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Diagnostics Microbiology and immunology, Biochemistry and molecular biology

Diversity’s Double-Edged Sword

Helicobacter pylori is a well-known culprit in cases of gastritis, peptic ulcer and gastric cancer. The bacterium is able to survive the acidic stomach environment by attaching itself tightly to the epithelial cells of the gastric mucosa – a key mechanism in the establishment of chronic infection and mucosal inflammation. In the 90s, Borén identified the ABO blood group antigens as binding sites for the H. pylori BabA adhesin in the gastric cell lining (1)(2). Vaccine development has so far shown limited progress, and although H. pylori is one of the most prevalent infection in humans, antibiotic therapy is restricted because of the risk of resistance and therefore only recommended for use against peptic ulcers. With no way of identifying the patients at greatest risk of stomach cancer, and only poor ways of fighting the disease once it develops, there’s an urgent need to develop new therapies against H. pylori infection. Fortunately, a team of researchers in Belgium and Sweden have uncovered what they deem the bacterium’s Achilles heel: a weakness in the binding protein BabA (3).

Thomas Borén, who led the Swedish contingent, explains that BabA binds to the ABO blood group glycans presented on the gastrointestinal epithelial cells (4): “In the stomach, H. pylori manage to adapt extensively to changes in the stomach such as during chronic inflammation.” He and his team have determined that BabA is extensively polymorphic due to adaptation (4). By crystallization of the protein, Han Remaut’s team in Brussels could show that the functional polymorphism is owing to two diversity loops inside the protein’s glycan binding site, whose amino acid sequences can be changed to alter binding properties, such as blood group preference. But at the same time, the teams discovered that the binding “holdfast” in the BabA protein is formed by a disulfide-clasped loop that can be inactivated by reduction – providing hopes that the source of the bacterium’s strength may also be the source of its defeat. 

“The possibilities we now have uncovered to specifically interfere with H. pylori adherence and reduce the intensity of the chronic inflammation processes are exceedingly exciting,” says Remaut, “especially since this does not involve the use of broad-range antibiotics that are known to have undesired collateral impact on the healthy microbiota.” Instead, the two teams propose to treat infections using redox-active drugs that inactivate the disulfide-clasped loop, causing difficulties only to H. pylori (see Figure 1). “This could open the door to a new type of antimicrobial drugs,” says Remaut. “The structural information also provides promising possibilities for how to develop novel vaccines against adherent H. pylori infections, says Borén. The two teams are currently studying the way H. pylori adapts to changes in the stomach during disease progression, and they anticipate that better understanding of the H. pylori attachment processes will also help epidemiological studies. MS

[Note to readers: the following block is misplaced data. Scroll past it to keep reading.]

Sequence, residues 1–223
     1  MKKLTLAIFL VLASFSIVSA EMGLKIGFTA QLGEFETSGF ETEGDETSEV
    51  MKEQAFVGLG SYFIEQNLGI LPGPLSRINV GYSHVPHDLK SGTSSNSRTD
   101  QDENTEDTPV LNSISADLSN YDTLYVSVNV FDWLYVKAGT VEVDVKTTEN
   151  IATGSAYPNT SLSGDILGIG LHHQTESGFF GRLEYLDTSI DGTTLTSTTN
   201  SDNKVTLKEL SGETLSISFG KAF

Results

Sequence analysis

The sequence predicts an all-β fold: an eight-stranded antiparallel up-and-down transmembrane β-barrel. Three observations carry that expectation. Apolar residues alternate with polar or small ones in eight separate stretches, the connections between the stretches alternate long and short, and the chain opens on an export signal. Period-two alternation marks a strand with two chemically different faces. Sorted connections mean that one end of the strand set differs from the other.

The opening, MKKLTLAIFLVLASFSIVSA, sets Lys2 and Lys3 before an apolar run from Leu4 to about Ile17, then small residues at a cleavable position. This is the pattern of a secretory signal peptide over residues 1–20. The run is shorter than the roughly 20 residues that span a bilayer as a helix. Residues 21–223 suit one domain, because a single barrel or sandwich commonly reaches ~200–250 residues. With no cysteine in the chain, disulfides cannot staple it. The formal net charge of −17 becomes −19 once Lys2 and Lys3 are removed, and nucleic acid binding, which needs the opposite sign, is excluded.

Figure 1. Close up view of the BabA protein’s glycan binding site in complex with Lewis B, its main blood group antigen receptor in the stomach epithelium. Shown is a superimposition of the BabA proteins from four clinical isolates, highlighting the diversity inside the binding pocket. Redox-active pharmaceuticals such as N-Acetylcysteine (NAC) disrupt the conserved cys-clasped loop in the binding pocket (boxed area), and lead to the loss of H. pylori adherence to the stomach epithelium (see bar graph).

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  1. T Borén et al., “Attachment of Helicobacter pylori to human gastric epithelium mediated by blood group antigens”, Science, 262, 1892–1895 (1993). PMID: 8018146.
  2. D Ilver et al., “Helicobacter pylori adhesin binding fucosylated histo-blood group antigens revealed by retagging”, Science, 16, 373–377 (1998). PMID: 9430586.
  3. K Moonens et al., “Structural insights into polymorphic ABO glycan binding by Helicobacter pylori”, Cell Host Microbe, 19, 55–66 (2016). PMID: 26764597.
  4. M Aspholm-Hurtig et al., “Functional adaptation of BabA, the H. pylori ABO blood group antigen binding adhesin”, Science, 23, 519–522 (2004). PMID: 15273394.
About the Author
Michael Schubert

While obtaining degrees in biology from the University of Alberta and biochemistry from Penn State College of Medicine, I worked as a freelance science and medical writer. I was able to hone my skills in research, presentation and scientific writing by assembling grants and journal articles, speaking at international conferences, and consulting on topics ranging from medical education to comic book science. As much as I’ve enjoyed designing new bacteria and plausible superheroes, though, I’m more pleased than ever to be at Texere, using my writing and editing skills to create great content for a professional audience.

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